Succesful Kick-off Meeting

From the 26th of February to the 1st of March 2013, the meSch team gathered to officially kick-off the project in Sheffield. Four intense days, packed with a lot of different activities were attended by teams of each of the twelve project partners.

Day 1: Engaging with technology

The meSch project consortium consists of a variety of different international experts from many fields: three different kinds of museums, human computer interaction researchers, interaction designers, personalization professionals, digital heritage experts and even a Fab Lab. Therefore, the most important goal of the kick/off meeting was to get to know each other and establish a common ground of understanding to depart from.

Project coordinator Daniela Petrelli opening the meeting

In her vivid presentation, Daniela Petrelli, project coordinator of meSch, stressed the importance of building an understanding between the different kinds of expertise in the meSch project. “We are a team of teams”, she declared, “with a huge variety of expertise. So we need to construct understanding across all of our expertise”.And how could we achieve that understanding which is necessary to establish research results that will satisfy everyone and have a real impact on everyone’s field of expertise? Well, by stepping in each others shoes and explore each others fields hands-on!

Getting down and dirty with sensors: .NET Gadgeteer workshop

First thing to explore were the possiblities of sensors, in order to generate ideas about what museums could do with them.  Phd students from the University of Stuttgart (USTUTT) gave an overview of what’s possible with sensors these days and made it clear that the possiblities in the future will be unlimited. All project partners formed groups with different expertise to get hands on experience with building devices with .Net Gadgeteer sensor kits.

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Connecting the sensors with each other

Under the expert supervision of the USTUTT phd students, everyone was miraculously able to build a digital camera from scratch – simply by connecting different kinds of sensors with each other and add a few lines of code to a program.

It works! The built-fom-scratch digital camera takes pictures.

After that, more sensor kits and gadgets were revealed and  the teams were sent off again to go wild with their imagination and build a museum-related interactive device of their own choice.

More fun sensors to build incredible stuff with

The results after one hour were quite amazing! Just to mention a few inventions: a bag that would recognize what items it held and which ones still had to be added to fulfil a quest, or a camera that automatically takes pictures whenever it was pointed at something red… Read the full report (pdf)about the results of the .NET Gadgeteer workshop written by USTUTT. It became quite obvious that even non-professionals could already achieve a lot after one hour, so we are quite curious what professionals can do by applying this technology to the museum environment!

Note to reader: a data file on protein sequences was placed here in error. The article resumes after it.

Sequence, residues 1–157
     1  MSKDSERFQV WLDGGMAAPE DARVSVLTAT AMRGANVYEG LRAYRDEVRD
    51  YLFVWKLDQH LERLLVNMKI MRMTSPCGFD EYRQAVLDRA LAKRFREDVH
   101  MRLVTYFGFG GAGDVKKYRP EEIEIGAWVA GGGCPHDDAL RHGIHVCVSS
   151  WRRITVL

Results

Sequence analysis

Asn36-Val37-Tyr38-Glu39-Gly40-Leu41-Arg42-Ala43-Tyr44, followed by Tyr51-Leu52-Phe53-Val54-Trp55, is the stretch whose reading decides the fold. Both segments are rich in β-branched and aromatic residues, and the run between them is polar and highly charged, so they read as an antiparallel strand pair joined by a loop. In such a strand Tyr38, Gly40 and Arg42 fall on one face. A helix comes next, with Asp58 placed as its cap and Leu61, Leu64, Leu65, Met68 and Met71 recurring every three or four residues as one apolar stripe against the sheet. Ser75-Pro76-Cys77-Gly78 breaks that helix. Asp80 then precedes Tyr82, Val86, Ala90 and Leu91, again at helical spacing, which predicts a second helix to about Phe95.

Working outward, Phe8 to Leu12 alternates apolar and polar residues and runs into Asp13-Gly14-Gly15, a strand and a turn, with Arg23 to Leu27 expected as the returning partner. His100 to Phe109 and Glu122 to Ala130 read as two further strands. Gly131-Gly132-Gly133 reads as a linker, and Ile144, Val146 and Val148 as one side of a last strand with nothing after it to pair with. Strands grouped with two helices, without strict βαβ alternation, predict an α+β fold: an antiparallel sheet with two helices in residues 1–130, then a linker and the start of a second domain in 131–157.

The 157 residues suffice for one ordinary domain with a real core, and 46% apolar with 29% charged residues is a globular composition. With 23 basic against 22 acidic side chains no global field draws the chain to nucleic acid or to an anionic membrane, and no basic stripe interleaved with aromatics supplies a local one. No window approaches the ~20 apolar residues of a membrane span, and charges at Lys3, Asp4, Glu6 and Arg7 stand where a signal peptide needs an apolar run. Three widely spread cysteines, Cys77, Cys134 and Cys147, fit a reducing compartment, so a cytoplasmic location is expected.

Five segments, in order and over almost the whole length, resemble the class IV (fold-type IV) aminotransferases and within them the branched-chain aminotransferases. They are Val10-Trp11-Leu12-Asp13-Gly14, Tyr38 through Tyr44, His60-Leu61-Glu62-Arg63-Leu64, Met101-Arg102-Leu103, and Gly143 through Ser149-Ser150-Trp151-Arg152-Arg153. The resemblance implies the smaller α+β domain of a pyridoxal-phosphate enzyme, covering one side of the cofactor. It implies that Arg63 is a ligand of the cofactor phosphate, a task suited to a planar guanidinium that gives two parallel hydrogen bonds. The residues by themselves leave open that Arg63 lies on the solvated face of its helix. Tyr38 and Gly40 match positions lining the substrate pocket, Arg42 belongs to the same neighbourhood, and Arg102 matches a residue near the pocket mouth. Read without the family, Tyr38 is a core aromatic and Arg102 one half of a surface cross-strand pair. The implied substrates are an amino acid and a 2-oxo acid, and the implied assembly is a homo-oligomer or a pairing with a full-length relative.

Day 2: Users as designers

In order to prepare the three different use cases meSch will explore in the future, Waag Society organized the program of day two in collaboration with Sheffield Hallam to encourage all meSch partners to step out of their comfort zone and into the role of a museum professional. Which techniques were applied to achieve that and what it lead to can be read in detail in the blog from Waag Society on ‘Dynamic heritage and design thinking’.

Scenarios invented in the Waag workshop: Mock-up of a Greek statue interacting with audience

Overall they were quite eye-opening activities, which were later were followed by the presentation of a theoretical approach to cultural heritage by Wim Hupperetz, director of the Allard Pierson Museum, to further explore the field of museum professionals.

Wim Hupperetz explaining perspectives on cultural heritage


After another full day of framing the upcoming work package tasks, the meeting was concluded by a final gathering of the Principal Investigators on management issues. It is safe to say that everyone left the meeting more knowledgeable, filled with new  ideas and the clear notion that there is work to do!

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